Why do we put eggs in bread? Why do we leave the bread to rise? What is the role of yeast in bread and croissants? It’s not just ingredient, its chemistry. And it’s important to understand this subtle science in order to be a great cook.
When I first stepped out of my mum’s nest, there was very little that I knew about cooking. In fact, it won’t be an exaggeration to state that when I came to work away from my family (campus-selection… know what I mean?), my culinary skills were zero. Absolutely one big O.
Thanks to mum, my first roommate & my granny, who not only inspired me to cook but also taught me a few handy tricks about cooking that I still so religiously follow; I’m saving the details of the kind of inspiration that came from my roommate. It was more like force! Boy, can I quote her: “If you don’t cook and eat only bread, I will throw all of this right out of the window”. I was so inspired, you see!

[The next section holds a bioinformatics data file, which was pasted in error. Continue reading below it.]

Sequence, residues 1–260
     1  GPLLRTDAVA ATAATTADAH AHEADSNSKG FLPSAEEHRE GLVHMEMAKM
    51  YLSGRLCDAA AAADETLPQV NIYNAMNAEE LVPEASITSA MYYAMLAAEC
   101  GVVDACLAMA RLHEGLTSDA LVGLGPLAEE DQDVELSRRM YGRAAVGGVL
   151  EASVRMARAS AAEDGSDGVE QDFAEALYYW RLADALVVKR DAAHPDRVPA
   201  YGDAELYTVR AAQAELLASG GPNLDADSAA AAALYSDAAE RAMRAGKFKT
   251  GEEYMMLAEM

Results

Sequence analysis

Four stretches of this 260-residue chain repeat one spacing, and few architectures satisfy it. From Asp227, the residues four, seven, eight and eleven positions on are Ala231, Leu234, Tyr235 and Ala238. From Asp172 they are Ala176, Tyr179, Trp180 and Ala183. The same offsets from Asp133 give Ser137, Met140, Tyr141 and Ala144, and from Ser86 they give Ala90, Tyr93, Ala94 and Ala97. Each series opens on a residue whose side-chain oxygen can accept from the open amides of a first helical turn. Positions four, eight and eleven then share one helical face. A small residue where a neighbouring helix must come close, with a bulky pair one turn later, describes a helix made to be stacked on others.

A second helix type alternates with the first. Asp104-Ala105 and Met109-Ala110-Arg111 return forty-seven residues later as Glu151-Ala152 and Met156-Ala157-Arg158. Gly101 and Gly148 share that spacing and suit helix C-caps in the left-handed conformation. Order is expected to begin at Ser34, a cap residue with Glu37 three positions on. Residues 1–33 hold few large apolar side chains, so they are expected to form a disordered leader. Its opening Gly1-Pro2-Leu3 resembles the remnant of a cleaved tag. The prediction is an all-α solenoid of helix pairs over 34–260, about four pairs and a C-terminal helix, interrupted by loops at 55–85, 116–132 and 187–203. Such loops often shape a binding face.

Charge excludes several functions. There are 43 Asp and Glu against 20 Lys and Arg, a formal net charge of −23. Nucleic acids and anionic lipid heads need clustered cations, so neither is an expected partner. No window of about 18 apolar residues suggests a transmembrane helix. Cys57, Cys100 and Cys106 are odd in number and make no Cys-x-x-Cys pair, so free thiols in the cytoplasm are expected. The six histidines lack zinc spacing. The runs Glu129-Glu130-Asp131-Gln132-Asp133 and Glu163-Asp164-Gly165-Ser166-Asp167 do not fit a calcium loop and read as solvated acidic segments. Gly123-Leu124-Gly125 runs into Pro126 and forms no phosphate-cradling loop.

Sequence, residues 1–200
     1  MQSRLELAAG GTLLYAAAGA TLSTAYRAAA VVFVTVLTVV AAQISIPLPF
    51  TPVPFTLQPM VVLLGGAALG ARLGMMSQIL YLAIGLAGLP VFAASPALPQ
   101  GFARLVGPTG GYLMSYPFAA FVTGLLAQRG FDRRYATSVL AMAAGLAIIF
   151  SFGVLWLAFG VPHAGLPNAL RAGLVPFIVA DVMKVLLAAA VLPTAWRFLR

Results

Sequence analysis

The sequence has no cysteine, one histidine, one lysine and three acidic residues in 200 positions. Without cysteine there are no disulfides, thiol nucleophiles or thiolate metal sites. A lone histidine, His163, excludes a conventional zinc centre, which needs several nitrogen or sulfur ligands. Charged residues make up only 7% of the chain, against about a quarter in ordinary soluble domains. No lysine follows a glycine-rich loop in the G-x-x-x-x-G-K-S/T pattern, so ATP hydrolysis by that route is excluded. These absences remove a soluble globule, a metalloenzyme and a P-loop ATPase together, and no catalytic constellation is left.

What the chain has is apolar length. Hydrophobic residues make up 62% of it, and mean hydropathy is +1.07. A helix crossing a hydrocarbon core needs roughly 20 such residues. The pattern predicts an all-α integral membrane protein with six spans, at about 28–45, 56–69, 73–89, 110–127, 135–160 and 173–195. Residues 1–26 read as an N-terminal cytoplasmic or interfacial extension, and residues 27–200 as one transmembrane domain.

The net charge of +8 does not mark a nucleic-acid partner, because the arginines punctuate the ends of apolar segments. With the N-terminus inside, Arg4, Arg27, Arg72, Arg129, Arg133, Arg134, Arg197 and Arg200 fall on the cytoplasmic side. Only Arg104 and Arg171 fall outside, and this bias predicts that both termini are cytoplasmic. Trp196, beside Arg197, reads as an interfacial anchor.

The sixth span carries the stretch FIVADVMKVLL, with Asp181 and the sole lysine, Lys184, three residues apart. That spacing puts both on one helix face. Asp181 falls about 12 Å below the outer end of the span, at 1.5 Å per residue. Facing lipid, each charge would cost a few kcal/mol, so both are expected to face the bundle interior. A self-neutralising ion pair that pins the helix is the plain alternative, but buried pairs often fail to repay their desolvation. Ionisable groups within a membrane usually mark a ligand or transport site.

Paradoxical as the topic may seem, I’m going to give you a small write up about bread and the little chemistry that goes on in it. Let’s talk.
Why yeast in bread: A light, easy to chew bread with a nice crust is what bread ideally should be. And for this to happen, you need yeast. It is this unicellular fungi that acts as the leavening agent. While baking bread, you’d be advised to dissolve yeast in warm water or milk and a little sugar. This is because, the yeast cells feed on sugar and gets activated and metabolizes it to produce Carbon dioxide and ethanol.
Yeast + Sugar = Ethanol (C2H5OH) + CO2
The bread dough rises to double owing to the tiny bubbles of CO2 forming and getting trapped in the dough making it light and airy. Also each little carbon dioxide bubble helps the protein in the dough find more water, forming more gluten. Consider it like kneading in a molecular level to build a strong gluten network.
What is leavening: It is the process of adding gas to dough to give bread a light and chewy texture. When we say, the bread is left to rise; we mean that the bread is left to produce enough air in between the dough bonds to make it fluffy.
Egg wash. Why? It renders a very pretty color to your bread.
Eggs: Give bread the much needed moisture.
Once we have a hang on the little chemistry, you’ll see you’ll just never will manage to go wrong.Its always good to know stuff from inside out. Is it not?